Clearly, Makabayan, Satur and Liza never for a moment gave up their program for comprehensive political and socio-economic reform upon entering into an alliance with Mr. Villar and the NP. They continue to exercise independence and initiative in fighting for such a program in as many arenas as possible, the electoral arena just being one of them.

The movement has long been engaged in tactical alliances with sections of the ruling elite in order to oppose and isolate the worst faction thereof (invariably, the ruling faction, cf the Oust Gloria Arroyo Movement) without losing sight of the strategic goal of national and social liberation. It has already proven itself capable of engaging in electoral contests and emerging victorious without compromising principle and falling into the trap of cooptation.

Mr. Villar's acceptance of the two progressive legislators as NP guest candidates is based on his recognition of the movement's strength nationwide and its potential contributions to a successful campaign. Call Mr. Villar a shrewd politician if you will but it is to his credit that he can rise above ideological and political prejudices and even risk the likely backlash from the more rabid anti-Left sections of the ruling elite in taking this bold and unprecedented move. He has publicly stated that he thinks the Left deserves to be heard and has earned its rightful place in mainstream politics.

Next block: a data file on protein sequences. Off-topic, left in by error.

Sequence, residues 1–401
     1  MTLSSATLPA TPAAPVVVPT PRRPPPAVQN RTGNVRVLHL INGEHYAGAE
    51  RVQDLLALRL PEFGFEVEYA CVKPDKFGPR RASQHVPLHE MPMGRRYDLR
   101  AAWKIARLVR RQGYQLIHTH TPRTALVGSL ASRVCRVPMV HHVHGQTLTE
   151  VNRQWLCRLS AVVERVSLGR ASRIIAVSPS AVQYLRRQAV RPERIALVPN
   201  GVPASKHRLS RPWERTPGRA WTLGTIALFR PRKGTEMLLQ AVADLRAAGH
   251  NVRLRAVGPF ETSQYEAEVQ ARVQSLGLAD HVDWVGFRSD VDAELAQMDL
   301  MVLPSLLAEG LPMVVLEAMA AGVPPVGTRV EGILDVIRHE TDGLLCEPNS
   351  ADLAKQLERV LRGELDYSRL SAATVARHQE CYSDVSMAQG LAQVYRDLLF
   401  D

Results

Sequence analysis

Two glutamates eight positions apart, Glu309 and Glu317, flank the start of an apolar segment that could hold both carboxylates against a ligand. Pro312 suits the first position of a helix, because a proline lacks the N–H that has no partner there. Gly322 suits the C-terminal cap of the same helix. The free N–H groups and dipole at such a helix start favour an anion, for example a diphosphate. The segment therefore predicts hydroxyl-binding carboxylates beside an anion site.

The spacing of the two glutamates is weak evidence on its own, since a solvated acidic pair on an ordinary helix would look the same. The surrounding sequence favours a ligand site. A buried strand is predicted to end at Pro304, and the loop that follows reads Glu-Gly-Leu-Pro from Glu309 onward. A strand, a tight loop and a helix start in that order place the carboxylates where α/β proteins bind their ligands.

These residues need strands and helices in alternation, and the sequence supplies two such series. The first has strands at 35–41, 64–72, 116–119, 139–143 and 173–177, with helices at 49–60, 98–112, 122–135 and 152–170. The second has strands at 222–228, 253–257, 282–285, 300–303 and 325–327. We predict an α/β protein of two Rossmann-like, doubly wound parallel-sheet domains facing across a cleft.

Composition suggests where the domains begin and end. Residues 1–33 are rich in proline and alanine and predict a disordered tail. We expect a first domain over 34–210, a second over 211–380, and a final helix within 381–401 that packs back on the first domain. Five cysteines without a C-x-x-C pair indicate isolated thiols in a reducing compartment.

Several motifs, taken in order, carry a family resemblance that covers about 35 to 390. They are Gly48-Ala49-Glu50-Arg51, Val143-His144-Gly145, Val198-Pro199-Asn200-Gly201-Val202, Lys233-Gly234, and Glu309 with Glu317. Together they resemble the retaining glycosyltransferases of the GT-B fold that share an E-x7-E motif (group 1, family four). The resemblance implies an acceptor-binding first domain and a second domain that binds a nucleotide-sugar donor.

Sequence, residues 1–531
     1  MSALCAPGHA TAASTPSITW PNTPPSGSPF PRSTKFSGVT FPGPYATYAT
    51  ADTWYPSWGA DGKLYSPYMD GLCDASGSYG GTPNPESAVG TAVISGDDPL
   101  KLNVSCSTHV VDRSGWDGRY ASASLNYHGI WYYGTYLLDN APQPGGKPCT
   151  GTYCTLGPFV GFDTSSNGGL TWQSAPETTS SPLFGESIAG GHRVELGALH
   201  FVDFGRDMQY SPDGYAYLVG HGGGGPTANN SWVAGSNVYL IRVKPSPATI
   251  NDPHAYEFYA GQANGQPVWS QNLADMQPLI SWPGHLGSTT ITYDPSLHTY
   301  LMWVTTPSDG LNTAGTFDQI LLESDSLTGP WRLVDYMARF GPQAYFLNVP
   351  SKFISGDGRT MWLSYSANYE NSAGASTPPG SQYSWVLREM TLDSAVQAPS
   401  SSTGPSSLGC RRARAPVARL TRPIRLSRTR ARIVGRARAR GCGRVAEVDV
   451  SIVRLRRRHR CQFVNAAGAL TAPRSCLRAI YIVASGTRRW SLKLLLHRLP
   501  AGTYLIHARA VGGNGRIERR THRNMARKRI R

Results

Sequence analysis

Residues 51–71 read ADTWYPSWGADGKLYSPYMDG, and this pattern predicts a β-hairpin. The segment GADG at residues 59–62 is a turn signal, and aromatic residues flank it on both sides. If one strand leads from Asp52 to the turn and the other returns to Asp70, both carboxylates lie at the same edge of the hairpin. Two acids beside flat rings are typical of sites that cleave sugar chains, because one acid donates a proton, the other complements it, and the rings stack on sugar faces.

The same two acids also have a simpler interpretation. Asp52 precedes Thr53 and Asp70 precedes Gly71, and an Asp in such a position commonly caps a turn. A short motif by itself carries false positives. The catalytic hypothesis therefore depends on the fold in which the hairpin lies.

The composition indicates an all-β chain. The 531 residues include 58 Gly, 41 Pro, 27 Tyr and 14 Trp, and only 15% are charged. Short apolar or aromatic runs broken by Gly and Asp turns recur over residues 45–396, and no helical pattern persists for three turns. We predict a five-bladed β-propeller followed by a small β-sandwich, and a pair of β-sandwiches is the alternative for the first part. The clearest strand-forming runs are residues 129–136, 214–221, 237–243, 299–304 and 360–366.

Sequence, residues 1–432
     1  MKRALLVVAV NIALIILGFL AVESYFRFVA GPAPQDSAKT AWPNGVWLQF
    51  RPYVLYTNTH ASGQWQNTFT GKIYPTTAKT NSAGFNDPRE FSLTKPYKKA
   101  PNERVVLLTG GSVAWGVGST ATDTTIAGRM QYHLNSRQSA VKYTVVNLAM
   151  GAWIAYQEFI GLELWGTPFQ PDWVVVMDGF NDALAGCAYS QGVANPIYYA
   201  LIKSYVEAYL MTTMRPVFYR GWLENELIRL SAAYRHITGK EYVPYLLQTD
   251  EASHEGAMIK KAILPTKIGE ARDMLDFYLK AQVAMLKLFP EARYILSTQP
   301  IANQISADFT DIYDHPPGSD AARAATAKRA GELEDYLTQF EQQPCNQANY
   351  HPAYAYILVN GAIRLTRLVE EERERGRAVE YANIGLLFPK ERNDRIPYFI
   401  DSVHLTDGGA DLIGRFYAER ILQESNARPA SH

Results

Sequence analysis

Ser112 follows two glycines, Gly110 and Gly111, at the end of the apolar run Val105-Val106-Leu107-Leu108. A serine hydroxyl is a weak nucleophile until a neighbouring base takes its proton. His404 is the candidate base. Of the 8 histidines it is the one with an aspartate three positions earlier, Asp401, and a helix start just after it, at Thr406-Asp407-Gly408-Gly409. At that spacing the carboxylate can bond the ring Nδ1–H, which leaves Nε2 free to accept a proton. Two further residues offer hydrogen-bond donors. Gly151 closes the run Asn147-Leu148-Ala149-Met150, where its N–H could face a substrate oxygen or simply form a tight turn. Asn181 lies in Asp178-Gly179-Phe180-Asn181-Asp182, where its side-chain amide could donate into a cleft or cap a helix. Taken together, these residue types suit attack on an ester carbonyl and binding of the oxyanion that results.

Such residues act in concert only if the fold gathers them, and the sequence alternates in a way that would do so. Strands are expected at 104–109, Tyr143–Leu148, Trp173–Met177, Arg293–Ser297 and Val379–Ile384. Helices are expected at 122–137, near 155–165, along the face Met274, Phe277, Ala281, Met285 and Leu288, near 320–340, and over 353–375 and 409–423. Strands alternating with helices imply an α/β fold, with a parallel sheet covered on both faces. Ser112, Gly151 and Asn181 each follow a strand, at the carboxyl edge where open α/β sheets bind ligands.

The alliance with the NP during the elections is a conditional one anchored on principle. The national democrats certainly harbor no illusions regarding Mr. Villar's class and “trapo” (traditional politician) character, especially should he win and become President. While no one can guarantee that Mr. Villar will adhere to and uphold the progressive provisions in his campaign platform once in power, the national democrats will certainly spare no effort in mobilizing the people to demand these of his government.